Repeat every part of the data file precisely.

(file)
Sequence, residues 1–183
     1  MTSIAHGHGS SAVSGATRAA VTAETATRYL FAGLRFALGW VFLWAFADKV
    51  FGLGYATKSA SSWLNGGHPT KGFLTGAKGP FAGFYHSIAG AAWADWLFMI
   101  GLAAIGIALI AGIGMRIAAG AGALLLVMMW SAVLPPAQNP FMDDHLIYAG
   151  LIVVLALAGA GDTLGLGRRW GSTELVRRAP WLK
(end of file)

Sequence, residues 1–183
     1  MTSIAHGHGS SAVSGATRAA VTAETATRYL FAGLRFALGW VFLWAFADKV
    51  FGLGYATKSA SSWLNGGHPT KGFLTGAKGP FAGFYHSIAG AAWADWLFMI
   101  GLAAIGIALI AGIGMRIAAG AGALLLVMMW SAVLPPAQNP FMDDHLIYAG
   151  LIVVLALAGA GDTLGLGRRW GSTELVRRAP WLK